"I care more about my country than I do about a 20-year-old pledge," Chambliss said in a post-election November interview with WMAZ, a CNN affiliate. "If we do it his way, then we'll continue in debt and I just have a disagreement with him about that."

Kremer has promised the two-term senator will face a primary challenge in 2014.

"I live in the state of Georgia and Saxby Chambliss is going to be 'primaried,' our own senator," she said in the CNN interview. "It's unacceptable to have somebody who votes with the Democrats more than they do with the conservatives, and he has proven time and time again he is all about the spending. And we're a red state, we deserve a conservative senator."

The Washington publication National Journal rated Chambliss as more economically conservative than 78% of the U.S. Senate, based on 2011 votes. Overall, they ranked him the 26th most conservative senator; from the other angle, they found 73 members to be more liberal than he.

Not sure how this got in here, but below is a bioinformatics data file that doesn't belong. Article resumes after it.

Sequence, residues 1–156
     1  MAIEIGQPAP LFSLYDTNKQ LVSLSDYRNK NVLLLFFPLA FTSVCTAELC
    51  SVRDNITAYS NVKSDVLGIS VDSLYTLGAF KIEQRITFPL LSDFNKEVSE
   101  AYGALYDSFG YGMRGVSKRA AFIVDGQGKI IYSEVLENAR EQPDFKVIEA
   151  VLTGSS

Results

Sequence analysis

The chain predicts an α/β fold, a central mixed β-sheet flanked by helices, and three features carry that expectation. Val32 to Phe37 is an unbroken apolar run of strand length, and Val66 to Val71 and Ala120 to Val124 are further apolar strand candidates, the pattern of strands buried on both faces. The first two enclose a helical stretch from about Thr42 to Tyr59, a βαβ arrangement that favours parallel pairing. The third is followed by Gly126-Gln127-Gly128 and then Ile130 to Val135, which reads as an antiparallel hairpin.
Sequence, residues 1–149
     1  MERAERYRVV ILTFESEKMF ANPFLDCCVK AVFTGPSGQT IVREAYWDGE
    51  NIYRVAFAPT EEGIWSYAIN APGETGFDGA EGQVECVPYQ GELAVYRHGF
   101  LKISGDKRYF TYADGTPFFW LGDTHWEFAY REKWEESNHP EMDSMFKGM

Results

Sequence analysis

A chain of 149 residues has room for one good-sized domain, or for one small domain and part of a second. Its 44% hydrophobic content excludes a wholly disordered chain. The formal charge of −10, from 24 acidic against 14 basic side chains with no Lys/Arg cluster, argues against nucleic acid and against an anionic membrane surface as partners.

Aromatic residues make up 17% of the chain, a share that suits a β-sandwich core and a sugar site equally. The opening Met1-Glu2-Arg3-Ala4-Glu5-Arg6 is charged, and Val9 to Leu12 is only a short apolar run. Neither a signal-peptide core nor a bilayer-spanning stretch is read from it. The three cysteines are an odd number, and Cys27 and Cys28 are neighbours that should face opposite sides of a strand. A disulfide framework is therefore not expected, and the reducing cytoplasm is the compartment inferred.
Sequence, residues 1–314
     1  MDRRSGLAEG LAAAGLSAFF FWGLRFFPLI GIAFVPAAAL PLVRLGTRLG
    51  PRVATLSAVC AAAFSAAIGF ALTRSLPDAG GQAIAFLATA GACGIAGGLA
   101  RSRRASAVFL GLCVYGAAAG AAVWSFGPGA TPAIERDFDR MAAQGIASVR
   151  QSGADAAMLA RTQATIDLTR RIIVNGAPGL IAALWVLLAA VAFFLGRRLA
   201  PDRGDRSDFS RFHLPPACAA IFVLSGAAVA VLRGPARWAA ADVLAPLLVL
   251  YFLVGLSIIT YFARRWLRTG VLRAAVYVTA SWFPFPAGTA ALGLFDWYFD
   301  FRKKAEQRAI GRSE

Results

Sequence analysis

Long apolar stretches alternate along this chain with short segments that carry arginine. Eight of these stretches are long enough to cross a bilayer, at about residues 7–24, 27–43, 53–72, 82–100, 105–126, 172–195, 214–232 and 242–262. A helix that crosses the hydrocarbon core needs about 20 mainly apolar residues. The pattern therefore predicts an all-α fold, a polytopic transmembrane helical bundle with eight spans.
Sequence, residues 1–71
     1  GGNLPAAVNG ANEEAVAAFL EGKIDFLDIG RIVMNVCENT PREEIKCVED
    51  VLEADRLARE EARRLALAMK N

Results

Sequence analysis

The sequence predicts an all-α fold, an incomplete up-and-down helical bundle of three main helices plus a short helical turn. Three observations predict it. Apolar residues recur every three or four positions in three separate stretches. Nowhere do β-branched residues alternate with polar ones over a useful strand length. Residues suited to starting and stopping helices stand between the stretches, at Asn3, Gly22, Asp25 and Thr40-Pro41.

Ted Cruz, a Texas Republican and tea party favorite, was elected this year to the seat held by retiring Sen. Kay Bailey Hutchison. He said Thursday morning that he was disappointed with the agreement.

"I think it was a lousy deal," he said. "I think it raised taxes by $620 billion, which is going to hurt the economy, it's gonna kill jobs. And to combine that not with spending cuts but with spending increases, $330 billion in additional spending - that doesn't solve the problems we've got."

Besides raising revenue through increased taxes on wealthy earners and limiting tax exemptions for the wealthy, the law spends by extending long-term unemployment insurance and averting a scheduled pay cut to doctors who provide Medicare services. The Congressional Budget Office said the deal would spend $332 billion over ten years.